Study Finds Less Restrictive Zoning Regulations Increase Housing Supply, though Not Necessarily for Renters with Low Incomes

New research from the Urban Institute, “Land-Use Reforms and Housing Costs: Does Allowing for Increased Density Lead to Greater Affordability?,” evaluates the relationship between local land-use reforms and changes to the housing supply and median rent. The authors find that reforms that loosen restrictions and allow higher densities were associated with an 0.8% increase in housing supply three to nine years after reform passage. The increase was statistically significant for units affordable to renters with higher-than-middle incomes. However, the authors found no evidence of an increase in units affordable for renters with low-to-moderate incomes. These findings highlight the need for policymakers to provide greater investments in subsidy programs for affordable housing development and in rental assistance for low-income renters alongside land-use reforms to sufficiently address communities’ housing needs.

The authors relied on newspaper articles covering 1,136 cities in eight metropolitan regions between 2000 and 2019 to identify 180 land-use reforms, 84 of which increased restrictions and reduced allowable densities and 96 of which loosened restrictions and increased allowable densities. The authors relied on address counts from the U.S. Postal Service to measure changes in the number of housing units. Finally, they used American Community Survey (ACS) data to track changes in demographics, housing costs, and housing affordability. 

Three to nine years after reforms aimed at loosening restrictions were passed, the authors found a 0.8% increase in housing supply. Renters with higher incomes were the main beneficiaries of these reforms, as evidenced by the 43% short-term increase and 63% medium-to-long-term increase in the number of units affordable to families with incomes higher than the national median. The impact on the number of units affordable to those with extremely low incomes and very low incomes was positive but not statistically significant. The authors note that the number of units for extremely low-income renters may be too small to detect statistically significant changes. Increases in land-use restrictiveness were not associated with cities’ changes in overall housing supply, but more restrictive policies were associated with a $50 rise in median rents and a decline in the number of rental units that were affordable to middle-income households.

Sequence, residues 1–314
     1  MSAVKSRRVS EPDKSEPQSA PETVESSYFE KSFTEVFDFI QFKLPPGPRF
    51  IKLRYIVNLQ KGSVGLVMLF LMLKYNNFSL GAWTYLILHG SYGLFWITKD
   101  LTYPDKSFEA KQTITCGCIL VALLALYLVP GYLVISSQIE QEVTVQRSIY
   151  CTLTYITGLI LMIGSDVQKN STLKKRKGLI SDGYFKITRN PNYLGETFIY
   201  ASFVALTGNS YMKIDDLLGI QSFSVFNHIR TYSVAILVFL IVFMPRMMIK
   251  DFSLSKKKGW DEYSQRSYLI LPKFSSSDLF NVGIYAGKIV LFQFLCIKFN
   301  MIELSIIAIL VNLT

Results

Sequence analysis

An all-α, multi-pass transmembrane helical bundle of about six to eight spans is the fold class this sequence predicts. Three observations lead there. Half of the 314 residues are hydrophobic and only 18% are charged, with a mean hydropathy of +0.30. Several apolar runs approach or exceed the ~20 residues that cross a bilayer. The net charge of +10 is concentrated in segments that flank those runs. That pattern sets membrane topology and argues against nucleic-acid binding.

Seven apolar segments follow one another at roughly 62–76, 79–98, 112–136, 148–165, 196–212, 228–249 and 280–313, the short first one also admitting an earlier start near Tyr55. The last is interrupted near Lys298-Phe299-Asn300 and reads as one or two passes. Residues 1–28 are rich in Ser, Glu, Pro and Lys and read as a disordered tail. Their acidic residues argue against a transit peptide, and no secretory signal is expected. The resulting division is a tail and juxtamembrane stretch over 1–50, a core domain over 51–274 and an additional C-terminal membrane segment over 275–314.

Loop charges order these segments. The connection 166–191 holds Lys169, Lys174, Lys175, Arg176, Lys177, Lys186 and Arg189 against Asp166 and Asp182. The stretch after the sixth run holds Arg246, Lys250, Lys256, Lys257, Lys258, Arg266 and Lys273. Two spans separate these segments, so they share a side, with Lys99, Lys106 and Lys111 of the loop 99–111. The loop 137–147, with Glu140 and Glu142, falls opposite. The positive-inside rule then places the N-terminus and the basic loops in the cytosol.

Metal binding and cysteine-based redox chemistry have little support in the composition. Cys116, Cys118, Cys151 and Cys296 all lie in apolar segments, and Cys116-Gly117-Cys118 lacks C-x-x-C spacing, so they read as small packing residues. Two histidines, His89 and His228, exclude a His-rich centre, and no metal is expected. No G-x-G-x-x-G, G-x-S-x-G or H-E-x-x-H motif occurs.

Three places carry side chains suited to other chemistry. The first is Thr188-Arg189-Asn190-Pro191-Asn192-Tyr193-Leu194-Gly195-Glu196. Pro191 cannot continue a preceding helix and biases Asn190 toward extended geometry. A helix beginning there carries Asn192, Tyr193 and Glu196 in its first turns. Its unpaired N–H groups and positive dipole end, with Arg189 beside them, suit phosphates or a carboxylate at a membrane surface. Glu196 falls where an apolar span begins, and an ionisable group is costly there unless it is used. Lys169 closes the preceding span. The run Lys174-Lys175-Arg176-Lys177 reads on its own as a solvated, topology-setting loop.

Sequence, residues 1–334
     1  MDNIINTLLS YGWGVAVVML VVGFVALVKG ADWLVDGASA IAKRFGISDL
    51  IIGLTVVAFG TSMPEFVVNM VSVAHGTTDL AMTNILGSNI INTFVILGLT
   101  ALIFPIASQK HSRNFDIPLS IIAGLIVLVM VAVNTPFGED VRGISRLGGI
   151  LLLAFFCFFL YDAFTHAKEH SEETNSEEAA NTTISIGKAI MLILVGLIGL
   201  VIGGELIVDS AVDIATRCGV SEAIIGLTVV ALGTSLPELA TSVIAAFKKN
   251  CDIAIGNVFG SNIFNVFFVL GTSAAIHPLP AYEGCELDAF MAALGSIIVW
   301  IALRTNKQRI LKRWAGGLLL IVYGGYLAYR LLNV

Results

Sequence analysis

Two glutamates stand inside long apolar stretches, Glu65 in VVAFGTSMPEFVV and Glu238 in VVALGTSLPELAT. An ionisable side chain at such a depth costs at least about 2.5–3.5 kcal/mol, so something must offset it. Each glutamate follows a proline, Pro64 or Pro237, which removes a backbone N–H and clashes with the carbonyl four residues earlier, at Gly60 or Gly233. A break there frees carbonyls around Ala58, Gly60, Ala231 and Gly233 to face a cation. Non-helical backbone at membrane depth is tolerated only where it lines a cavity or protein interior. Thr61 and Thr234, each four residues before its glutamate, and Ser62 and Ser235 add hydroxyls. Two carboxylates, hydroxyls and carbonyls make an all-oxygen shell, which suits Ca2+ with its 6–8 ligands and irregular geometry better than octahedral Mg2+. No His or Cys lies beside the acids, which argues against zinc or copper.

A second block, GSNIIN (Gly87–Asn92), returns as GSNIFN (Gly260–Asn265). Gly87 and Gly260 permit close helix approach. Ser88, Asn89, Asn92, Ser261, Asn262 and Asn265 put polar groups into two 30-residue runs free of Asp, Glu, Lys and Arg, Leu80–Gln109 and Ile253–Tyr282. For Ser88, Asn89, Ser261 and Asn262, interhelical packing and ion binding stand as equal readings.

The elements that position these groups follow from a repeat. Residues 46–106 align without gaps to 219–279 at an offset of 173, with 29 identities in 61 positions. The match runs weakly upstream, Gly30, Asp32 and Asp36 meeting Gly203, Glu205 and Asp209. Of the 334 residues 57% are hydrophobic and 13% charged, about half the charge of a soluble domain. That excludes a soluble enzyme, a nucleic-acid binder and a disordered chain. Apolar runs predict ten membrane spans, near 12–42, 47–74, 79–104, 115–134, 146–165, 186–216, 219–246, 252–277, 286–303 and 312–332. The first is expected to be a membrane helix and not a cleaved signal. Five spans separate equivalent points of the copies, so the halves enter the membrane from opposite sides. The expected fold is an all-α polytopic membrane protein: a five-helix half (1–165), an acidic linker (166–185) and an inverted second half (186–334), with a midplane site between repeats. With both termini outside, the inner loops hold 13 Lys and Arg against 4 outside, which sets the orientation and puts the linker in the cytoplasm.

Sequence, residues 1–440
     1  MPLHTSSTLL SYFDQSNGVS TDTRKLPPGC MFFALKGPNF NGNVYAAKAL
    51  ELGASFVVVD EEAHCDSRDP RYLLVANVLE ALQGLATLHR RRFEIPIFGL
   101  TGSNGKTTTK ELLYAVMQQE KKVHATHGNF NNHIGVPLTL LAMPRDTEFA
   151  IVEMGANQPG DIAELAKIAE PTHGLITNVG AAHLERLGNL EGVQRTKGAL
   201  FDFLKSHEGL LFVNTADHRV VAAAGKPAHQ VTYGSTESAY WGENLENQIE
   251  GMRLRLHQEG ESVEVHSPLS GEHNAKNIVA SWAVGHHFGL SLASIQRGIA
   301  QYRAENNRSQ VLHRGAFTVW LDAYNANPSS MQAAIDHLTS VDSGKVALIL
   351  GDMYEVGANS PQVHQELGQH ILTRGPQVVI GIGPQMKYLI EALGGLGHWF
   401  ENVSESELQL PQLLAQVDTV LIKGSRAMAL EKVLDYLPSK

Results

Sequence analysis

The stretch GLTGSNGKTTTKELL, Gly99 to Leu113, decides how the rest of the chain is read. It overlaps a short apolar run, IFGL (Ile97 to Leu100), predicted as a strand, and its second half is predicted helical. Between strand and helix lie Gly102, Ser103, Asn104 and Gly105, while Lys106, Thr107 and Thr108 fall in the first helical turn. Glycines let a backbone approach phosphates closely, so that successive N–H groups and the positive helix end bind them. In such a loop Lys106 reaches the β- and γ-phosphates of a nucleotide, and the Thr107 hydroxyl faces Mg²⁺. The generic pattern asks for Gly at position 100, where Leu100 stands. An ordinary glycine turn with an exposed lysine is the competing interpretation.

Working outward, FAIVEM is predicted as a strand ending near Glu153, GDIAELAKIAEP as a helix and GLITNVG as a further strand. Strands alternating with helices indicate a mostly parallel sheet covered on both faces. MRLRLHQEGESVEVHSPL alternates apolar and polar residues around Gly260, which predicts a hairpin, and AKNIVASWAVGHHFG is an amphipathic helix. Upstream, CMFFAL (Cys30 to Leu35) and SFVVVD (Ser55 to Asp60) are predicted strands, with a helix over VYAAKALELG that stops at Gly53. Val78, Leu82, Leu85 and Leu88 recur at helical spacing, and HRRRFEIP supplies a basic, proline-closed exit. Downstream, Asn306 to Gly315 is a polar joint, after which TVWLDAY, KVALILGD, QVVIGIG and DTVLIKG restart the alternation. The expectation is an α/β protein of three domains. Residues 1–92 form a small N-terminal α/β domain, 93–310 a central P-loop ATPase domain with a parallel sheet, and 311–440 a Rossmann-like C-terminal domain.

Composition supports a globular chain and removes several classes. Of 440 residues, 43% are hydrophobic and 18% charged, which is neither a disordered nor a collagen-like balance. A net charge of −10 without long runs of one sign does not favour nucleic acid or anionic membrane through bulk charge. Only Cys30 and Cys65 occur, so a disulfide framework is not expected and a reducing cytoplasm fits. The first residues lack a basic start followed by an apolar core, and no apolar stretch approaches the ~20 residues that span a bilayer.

These findings suggest that land-use reforms should be supplemented with policies and public investments to create and preserve affordable housing, which the authors suggest might be more effective, especially in the short term, to help alleviate affordability challenges faced by low-income renters.

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